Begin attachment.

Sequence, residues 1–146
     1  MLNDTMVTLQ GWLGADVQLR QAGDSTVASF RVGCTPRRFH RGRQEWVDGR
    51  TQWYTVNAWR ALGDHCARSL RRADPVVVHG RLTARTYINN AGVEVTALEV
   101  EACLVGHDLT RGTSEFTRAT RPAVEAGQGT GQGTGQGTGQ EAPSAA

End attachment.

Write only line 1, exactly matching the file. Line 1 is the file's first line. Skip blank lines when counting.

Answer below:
Sequence, residues 1–146